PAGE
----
NASA satellite imagery shows how much Lake Mead has receded since 2000

New satellite imagery from NASA shows Lake Mead’s dramatically shrinking shoreline and how parts of the once-expansive reservoir have mineralized over the past two decades.

Lake Mead, the nation’s largest reservoir, is at just 27% capacity, according to NASA, the lowest since April 1937 when it was first filled.

The lake on the Nevada-Arizona border is almost unrecognizable as it was 22 years ago, according to photos released by NASA Wednesday.

An image taken from space on July 6, 2000 shows the lake full and a deep shade of blue. Another photo taken on July 3 shows a lighter color, meaning areas that were formerly submerged are mineralized, a phenomenon known as the “bathtub ring” effect.

Satellite imagery of Lake Mead on July 6, 2000 and July 3.
Satellite imagery of Lake Mead on July 6, 2000 and July 3.earthobservatory.nasa.gov

At the end of July 2000, around the time of the first satellite image, the water level at Hoover Dam was 1,199.97 feet above sea level. By July 18 of this year, around the time of the second image, it sank to 1,041.30 feet, according to data from the US Bureau of Reclamation.

Another photo from 2021 shows the Virgin River connecting to Lake Mead’s Overton Arm, mineralized. The year before, the river was completely filled with water.

The lake is drying up due to climate change and severe drought, according to NASA.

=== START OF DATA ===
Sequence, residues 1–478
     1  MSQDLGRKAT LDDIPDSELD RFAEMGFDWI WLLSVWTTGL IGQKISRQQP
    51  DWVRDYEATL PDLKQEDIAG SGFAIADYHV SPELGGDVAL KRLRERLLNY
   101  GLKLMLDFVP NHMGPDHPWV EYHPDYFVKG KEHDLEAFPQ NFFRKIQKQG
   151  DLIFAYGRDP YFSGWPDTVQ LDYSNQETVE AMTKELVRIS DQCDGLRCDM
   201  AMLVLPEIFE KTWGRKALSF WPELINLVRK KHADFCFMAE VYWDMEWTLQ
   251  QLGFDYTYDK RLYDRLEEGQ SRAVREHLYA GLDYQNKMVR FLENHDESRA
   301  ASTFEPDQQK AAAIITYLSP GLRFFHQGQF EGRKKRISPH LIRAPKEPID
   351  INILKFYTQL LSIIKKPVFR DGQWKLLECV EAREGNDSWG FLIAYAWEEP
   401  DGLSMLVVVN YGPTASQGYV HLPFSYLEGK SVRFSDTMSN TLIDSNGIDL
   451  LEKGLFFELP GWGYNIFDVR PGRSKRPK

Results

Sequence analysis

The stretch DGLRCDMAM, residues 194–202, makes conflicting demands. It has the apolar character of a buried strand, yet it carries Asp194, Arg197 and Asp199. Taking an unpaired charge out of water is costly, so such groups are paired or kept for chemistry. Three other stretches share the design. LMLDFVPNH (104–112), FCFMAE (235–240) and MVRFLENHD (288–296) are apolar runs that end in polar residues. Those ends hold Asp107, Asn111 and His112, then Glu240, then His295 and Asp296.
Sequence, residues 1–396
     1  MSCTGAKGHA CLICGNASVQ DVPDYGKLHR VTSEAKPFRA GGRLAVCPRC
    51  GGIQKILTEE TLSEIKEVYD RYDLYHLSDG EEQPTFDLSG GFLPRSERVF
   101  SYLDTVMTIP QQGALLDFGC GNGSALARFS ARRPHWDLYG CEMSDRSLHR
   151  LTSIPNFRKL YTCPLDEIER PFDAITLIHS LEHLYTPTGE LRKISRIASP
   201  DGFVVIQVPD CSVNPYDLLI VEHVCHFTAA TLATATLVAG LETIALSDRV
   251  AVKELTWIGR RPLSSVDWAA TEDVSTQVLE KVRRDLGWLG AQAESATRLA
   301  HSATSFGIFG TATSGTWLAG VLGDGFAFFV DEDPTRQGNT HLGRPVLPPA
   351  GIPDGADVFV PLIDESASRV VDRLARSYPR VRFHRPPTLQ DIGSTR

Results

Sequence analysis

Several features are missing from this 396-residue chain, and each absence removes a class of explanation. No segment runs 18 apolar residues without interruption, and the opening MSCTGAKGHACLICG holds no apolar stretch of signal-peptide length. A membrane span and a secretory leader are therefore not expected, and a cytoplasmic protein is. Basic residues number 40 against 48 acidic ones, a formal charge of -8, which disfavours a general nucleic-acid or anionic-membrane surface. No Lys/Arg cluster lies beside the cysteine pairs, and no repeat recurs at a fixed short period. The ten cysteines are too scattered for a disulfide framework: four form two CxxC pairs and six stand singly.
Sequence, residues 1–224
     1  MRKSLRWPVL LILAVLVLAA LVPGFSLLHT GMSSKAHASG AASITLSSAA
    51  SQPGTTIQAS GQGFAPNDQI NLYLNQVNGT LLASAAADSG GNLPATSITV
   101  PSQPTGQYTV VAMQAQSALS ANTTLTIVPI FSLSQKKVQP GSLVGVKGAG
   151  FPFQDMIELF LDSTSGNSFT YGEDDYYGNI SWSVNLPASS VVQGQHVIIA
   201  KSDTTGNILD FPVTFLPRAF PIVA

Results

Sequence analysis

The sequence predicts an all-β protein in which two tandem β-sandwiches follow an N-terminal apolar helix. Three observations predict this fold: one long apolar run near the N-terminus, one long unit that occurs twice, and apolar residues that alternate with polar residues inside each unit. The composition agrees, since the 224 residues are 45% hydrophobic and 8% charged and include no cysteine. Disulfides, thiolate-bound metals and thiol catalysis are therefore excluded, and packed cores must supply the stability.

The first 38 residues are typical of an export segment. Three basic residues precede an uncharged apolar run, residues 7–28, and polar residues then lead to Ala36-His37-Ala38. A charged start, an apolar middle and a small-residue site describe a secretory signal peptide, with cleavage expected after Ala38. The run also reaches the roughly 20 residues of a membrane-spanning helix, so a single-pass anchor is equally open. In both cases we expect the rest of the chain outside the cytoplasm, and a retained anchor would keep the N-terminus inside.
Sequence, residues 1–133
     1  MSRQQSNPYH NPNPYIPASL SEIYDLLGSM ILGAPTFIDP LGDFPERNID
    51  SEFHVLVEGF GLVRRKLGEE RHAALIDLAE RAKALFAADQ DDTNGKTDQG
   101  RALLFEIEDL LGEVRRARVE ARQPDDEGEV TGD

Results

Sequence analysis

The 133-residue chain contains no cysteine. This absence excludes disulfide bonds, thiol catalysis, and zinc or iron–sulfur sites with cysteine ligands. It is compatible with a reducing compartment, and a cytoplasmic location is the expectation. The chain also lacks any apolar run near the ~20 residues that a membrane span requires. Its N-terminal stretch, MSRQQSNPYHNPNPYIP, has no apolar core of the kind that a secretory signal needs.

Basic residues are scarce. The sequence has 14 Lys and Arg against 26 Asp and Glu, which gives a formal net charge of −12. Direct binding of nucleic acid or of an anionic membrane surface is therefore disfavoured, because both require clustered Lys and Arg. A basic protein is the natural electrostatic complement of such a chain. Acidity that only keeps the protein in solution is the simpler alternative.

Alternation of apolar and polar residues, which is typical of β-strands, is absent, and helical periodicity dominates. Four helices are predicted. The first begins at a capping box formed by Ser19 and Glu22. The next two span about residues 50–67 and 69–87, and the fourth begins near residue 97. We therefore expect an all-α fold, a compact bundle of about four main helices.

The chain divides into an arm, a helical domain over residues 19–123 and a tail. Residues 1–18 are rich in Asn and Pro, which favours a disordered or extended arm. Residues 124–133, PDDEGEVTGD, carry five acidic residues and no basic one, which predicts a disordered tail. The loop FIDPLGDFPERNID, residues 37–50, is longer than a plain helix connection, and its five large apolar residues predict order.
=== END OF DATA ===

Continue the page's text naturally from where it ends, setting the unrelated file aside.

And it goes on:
“The largest reservoir in the United States supplies water to millions of people in seven states, tribal areas and northern Mexico. It also now features a strong illustration of climate change and a long-lasting drought this could be the worst western US in 12 centuries,” NASA said.

Satellite imagery shows the drop in water levels at Lake Mead from 2000 to 2022.
Satellite imagery shows the drop in water levels at Lake Mead from 2000 to 2022.earthobservatory.nasa.gov

The lake has a maximum elevation capacity of 1,220 feet, a level last reached in 1983 and 1999, according to NASA.

Today, the lake is dangerously close to the deadpool when the reservoir dips below 895 feet and is low enough that water cannot flow downstream from Hoover Dam. But experts say that possibility is years away.

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As the lake has receded, the waters once frequented by visitors have dried up, revealing long-sunken secrets including a body found in a barrel, a WWII-era ship, and pleasure boats.

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Due to falling water levels and “20-year drought,” five out of six boat ramps on Lake Mead are closed National Park Service said.

The lake draws most of its water from snowmelt in the Rocky Mountains, which flows down the Colorado River watershed through Lake Powell, Glen Canyon, and the Grand Canyon. Snow cover from last winter was below average in some areas, NASA reported.

Lake Mead isn’t the only area feeling the effects of the drought.

Overall, according to NASA, 74% of the nine western states experience some degree of drought, with 35% of the area experiencing extreme or exceptional drought.

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Additionally, the entire Colorado River system, which includes Lake Mead, is only at 35% capacity. Show data from the complaints office. This system supplies electricity and water to around 40 million people, including the cities of San Diego, Las Vegas, Phoenix and Los Angeles.

Last month, the bureau issued an emergency request to states in the Colorado River basin to reduce water use to prevent further depletion of the system.

https://www.nbcnews.com/news/us-news/dramatic-nasa-satellite-images-show-lake-mead-water-levels-receded-200-rcna39803 NASA satellite imagery shows how much Lake Mead has receded since 2000

Fry Electronics Team

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